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close this bookDisaster Economics (Department of Humanitarian Affairs/United Nations Disaster Relief Office - United Nations Development Programme , 1994, 56 p.)
close this folderPART 2 - Alternative disaster scenarios
View the document(introduction...)
View the documentThe general multi-sectoral disaster
View the documentDisasters caused by economic mismanagement
View the documentDisasters involving displaced populations and refugees
View the documentDisasters leading to food insecurity
View the documentDisasters involving environmental challenges
View the documentConclusion

Disasters involving displaced populations and refugees

Background

Many unstable situations result in substantial population migration. Sometimes this migration results from natural disasters, like floods or earthquakes, and sometimes from human-made disasters, like desertification and war. In some situations, particularly where war and food insecurity are combined, many of the migrants cross national boundaries and become refugees. There are, in all these cases, substantial economic consequences to the individuals forced to move, as well as to the communities and countries from and to which they move.

In the special case of refugees, the are three “durable” solutions proposed by UNHCR to reestablish refugees in viable communities.


Silopi camp

UNHCR/A. Hollman; Refugees, June 1991

Voluntary repatriation, or the re-establishment of the refugee within a community in his or her own country, is considered the most desirable solution. Where voluntary repatriation is impossible, local settlement in the country of first asylum is the next most appropriate approach to promote both self-reliance and viable integration of refugees. Most local settlements are in rural areas, at either spontaneous or planned settlements. The criteria for seeking resettlement in a third country derive not only from conditions in the country of origin, but also in the country of first asylum. Some countries permit temporary asylum, on condition that resettlement to a third country will be undertaken as soon as practically possible. Ethnic, political or economic reasons may render local integration impossible, requiring the need to find a third country.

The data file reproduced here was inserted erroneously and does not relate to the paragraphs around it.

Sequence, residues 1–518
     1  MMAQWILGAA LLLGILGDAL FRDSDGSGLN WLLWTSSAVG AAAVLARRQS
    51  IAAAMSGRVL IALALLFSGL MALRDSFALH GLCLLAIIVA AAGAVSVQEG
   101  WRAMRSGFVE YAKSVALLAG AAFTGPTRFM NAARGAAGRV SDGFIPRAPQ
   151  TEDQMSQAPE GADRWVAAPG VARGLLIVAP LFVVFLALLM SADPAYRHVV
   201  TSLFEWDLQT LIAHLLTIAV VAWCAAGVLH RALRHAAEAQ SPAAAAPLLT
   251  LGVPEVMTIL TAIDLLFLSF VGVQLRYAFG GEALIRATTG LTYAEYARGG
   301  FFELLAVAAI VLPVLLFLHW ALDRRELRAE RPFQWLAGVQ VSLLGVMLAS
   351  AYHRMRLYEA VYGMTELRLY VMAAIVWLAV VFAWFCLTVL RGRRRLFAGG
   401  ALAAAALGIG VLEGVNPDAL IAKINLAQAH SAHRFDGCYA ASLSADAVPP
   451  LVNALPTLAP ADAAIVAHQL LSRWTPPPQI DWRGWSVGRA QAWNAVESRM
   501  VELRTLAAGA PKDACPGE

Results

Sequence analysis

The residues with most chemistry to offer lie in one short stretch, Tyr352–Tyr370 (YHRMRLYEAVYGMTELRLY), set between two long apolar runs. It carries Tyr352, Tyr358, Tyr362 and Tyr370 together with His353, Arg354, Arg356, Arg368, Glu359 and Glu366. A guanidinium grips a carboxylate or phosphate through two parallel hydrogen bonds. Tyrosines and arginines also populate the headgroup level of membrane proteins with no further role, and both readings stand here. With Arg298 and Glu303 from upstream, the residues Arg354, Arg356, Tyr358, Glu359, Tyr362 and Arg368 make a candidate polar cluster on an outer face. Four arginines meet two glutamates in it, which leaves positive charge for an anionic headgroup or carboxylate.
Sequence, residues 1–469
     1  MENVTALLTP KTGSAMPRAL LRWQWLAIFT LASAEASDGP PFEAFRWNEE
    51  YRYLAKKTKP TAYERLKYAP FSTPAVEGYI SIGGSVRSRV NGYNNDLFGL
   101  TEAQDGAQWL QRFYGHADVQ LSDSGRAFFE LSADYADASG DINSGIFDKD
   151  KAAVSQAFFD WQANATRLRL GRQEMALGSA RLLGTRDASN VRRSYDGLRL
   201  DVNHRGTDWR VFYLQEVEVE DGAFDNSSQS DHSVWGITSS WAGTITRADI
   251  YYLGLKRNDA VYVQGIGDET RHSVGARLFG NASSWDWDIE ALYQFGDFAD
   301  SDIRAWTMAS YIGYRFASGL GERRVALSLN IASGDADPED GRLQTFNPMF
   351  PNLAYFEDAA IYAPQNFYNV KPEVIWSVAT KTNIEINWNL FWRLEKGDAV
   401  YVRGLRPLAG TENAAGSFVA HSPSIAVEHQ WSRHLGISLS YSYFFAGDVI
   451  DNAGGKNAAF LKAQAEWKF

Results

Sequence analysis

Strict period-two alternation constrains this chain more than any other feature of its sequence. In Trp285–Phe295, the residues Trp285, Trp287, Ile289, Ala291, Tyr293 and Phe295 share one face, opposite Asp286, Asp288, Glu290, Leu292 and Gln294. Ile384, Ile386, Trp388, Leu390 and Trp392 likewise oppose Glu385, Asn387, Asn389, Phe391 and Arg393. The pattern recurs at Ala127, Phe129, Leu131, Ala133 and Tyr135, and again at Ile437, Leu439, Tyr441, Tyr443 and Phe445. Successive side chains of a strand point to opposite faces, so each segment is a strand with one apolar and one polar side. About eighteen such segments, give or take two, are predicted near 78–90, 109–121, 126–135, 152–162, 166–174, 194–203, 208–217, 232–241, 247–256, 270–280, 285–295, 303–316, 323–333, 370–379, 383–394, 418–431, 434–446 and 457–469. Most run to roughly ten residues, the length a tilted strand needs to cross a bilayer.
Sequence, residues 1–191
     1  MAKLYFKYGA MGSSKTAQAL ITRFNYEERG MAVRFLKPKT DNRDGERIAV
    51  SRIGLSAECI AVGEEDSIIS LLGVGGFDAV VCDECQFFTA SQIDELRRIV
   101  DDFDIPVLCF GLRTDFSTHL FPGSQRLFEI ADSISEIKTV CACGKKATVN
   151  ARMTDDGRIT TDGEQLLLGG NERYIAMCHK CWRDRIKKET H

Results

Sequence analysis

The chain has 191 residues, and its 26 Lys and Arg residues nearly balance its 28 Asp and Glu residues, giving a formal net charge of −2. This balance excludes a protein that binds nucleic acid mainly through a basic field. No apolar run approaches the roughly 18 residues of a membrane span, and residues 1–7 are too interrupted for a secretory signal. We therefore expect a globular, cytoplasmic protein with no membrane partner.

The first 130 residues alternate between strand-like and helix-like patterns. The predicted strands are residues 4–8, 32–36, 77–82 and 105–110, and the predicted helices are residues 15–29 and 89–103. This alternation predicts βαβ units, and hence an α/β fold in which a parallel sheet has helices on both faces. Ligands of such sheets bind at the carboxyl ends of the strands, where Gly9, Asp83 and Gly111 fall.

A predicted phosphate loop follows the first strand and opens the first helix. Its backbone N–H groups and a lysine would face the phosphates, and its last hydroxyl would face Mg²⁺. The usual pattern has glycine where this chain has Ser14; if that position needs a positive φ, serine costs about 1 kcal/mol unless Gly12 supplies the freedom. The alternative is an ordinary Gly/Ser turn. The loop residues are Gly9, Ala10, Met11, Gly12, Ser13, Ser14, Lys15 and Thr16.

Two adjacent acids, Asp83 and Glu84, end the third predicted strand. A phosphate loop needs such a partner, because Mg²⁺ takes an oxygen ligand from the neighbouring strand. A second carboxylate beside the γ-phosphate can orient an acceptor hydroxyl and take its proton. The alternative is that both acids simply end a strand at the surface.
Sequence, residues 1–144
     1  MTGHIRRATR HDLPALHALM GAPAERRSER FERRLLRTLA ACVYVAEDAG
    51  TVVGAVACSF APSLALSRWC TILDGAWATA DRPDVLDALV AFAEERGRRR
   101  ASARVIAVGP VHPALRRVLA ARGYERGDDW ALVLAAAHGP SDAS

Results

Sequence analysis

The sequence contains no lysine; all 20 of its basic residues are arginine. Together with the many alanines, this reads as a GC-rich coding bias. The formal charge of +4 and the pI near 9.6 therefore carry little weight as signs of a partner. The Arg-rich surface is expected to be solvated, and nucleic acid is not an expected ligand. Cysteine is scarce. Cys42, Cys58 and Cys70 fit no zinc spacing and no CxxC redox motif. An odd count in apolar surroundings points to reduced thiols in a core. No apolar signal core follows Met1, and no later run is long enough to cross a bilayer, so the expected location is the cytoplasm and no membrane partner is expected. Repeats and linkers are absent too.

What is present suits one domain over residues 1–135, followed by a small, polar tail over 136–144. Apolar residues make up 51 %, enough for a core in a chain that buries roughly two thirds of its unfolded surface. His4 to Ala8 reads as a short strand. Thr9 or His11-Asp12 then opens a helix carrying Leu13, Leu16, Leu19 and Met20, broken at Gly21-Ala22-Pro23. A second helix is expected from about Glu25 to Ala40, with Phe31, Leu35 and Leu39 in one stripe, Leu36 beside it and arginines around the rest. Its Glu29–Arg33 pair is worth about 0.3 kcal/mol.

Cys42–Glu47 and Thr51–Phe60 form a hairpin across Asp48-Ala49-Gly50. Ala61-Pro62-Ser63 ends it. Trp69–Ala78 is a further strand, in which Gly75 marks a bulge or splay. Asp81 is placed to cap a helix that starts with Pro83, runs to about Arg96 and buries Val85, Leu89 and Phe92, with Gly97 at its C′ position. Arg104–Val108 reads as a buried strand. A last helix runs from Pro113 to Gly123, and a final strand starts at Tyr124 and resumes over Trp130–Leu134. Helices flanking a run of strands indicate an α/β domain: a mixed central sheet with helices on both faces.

Populations moving internally in a country face several of the same solutions. They may find an existing local community in which to resettle and restore their lives; they may move to a previously uninhabited area and create a new community; they may move back to their original homes; or they may seek permission to move to another country.

Alternatives

Each of the potential solutions identified has economic consequences and humanitarian trade-offs. When governments accommodate migrants in spontaneous or organized (permanent or semi-permanent) local settlements they invariably incur costs to cover infrastructure as well as additional food requirements and basic needs.

The migrants themselves are often subject to exploitation by the host country and local communities. However, they also bring certain benefits with them. For example, once refugees are settled locally, they are a source of local purchasing power, and provide skilled and unskilled labor.

If governments desire to integrate migrants they may incur additional costs for retraining, health, education, housing and social security, which will be partially offset by purchasing power and labor/skill benefits.

Where expatriate populations are expelled suddenly from a host country, and have to return home, or go to a third country, (e.g. Palestinians, Filipinos, Bangladeshis or Yemenis working in Gulf States) they will lose their sources of income. Reduced remittance income will have a serious effect on family dependents and the balance of payments in the expatriate worker's home country. Such people may be forced to flee without taking their personal goods and other assets. On the other hand, if they bring savings with them, there may be an asset increase to their new or home countries. Overall, the cost to reintegrate returning persons may be very high and significantly strain existing service systems.

Population movements, especially when they involve refugees, are a sensitive political issue as well as a major humanitarian concern. Thus, it is difficult to be sure how to weigh the costs and benefits associated with a particular policy option. Certainly, the trade-offs will be heavily influenced by political considerations, even if all the costs and benefits can be quantified.

Q. Choose a recent population displacement with which you are familiar. Identify the economic consequences to the displaced persons and their new communities.

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